It’s true that I’m perpetually occupied with my missteps in life. Thirty years ago I already had a pretty good idea what I wanted to do with my life: to be a graphic designer. But by then, I had already chosen a subject other than art for my GCSEs.
I couldn’t then take either graphics or art at A-level, because my talents were apparently three years behind. I could probably have done a Btec, but for some reason that was frowned upon in my family. So I just took a random selection of A and AS-levels instead, which wouldn’t help me at all.
A year after leaving college, when I finally reconciled myself to going on to university, I managed to identify a vocational course in Salford that would accept me without a background in art. But just as I was about to make an application, my father advised me that I needed to get a proper degree from a proper university, which meant abandoning my dream career in favour of something completely abstract.
So it was that I became an expert on water pollution in the river Ganges, soil erosion in Sub-Saharan Africa and the development of Iran’s oil industry. Trivia which has been of absolutely no use to me whatsoever in my career. It might have helped me if I had gone on into a career at the Foreign Office or with the United Nations, but I had read so much Edward Said by then and fully imbibed post-colonial discourses that I left university completely disillusioned, believing I had no right to work in international development as a white, male westerner.
In short, my proper degree from a proper university was of absolutely no benefit to me whatsoever, for it hadn’t even bestowed me with self-confidence. Ironically, I eventually ended up in web development, a field that shares only one thing in common with my degree: half its name. So it turns out that a vocational degree even from a supposedly lesser university would have been far more useful to my livelihood and ultimate destination.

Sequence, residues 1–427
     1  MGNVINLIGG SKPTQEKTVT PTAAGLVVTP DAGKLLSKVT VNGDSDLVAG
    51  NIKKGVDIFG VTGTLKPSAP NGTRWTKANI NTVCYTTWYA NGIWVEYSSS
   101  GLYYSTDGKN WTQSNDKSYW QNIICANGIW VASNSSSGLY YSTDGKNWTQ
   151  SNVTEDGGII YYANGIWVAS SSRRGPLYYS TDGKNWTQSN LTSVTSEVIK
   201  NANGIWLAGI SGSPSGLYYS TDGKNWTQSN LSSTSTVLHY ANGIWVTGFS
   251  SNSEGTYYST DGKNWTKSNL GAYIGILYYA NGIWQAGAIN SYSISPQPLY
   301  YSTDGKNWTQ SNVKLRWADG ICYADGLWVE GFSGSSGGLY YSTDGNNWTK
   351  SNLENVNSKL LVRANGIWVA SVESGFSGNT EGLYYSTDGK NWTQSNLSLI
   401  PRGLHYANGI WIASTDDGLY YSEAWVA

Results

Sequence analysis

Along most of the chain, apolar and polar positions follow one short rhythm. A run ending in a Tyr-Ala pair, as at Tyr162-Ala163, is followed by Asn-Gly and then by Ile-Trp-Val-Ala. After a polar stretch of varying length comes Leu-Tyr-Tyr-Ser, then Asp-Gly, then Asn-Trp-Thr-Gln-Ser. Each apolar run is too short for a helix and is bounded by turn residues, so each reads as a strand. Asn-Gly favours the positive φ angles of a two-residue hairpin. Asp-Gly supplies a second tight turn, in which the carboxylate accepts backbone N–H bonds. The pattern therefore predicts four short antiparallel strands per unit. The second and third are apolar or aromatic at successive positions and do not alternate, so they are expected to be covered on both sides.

So many missteps along the way which meant I could never do what I really wanted to do. I have for the past decade fulfilled a role that is sort of linked to that nascent vision of mine, but sort of is the operative phrase. Occasionally, it offers a creative outlet, pleasing to my mind, but I have forever been overlooked for roles that would truly make use of my skills, most likely because I lack the confidence to sell myself at interview, having neither industrial experience nor the requisite educational foundation.
So see how one small misstep thirty years ago could snowball, with repercussions for all that followed. I’m not sure if it is too late to correct course. Probably. I’m a dinosaur, soon to be rendered obsolete by the upcoming generation. The best I can do now is help our children make more informed decisions, less prejudiced by outdated snobberies.
After that, I’ll probably head off to Turkey to pursue that other childhood dream of mine, to be a farmer living in a little house fed by natural springs, looking after our tea and hazelnut fields. Somehow that dream has nearly come to fruition; the only missing piece being that we’re stuck here for now. Perhaps in another decade, when our kids emerge into a world of work better equipped than I ever was, if the Most Merciful wills.